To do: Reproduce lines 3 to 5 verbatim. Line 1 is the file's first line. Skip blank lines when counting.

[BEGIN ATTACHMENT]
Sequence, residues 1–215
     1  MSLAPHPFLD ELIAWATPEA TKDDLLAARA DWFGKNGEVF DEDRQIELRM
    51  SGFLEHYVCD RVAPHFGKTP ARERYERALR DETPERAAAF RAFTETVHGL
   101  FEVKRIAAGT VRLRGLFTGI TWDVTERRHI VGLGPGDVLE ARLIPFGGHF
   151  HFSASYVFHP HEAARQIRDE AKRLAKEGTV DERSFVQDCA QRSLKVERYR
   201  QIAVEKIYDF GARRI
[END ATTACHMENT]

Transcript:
    51  SGFLEHYVCD RVAPHFGKTP ARERYERALR DETPERAAAF RAFTETVHGL
   101  FEVKRIAAGT VRLRGLFTGI TWDVTERRHI VGLGPGDVLE ARLIPFGGHF
   151  HFSASYVFHP HEAARQIRDE AKRLAKEGTV DERSFVQDCA QRSLKVERYR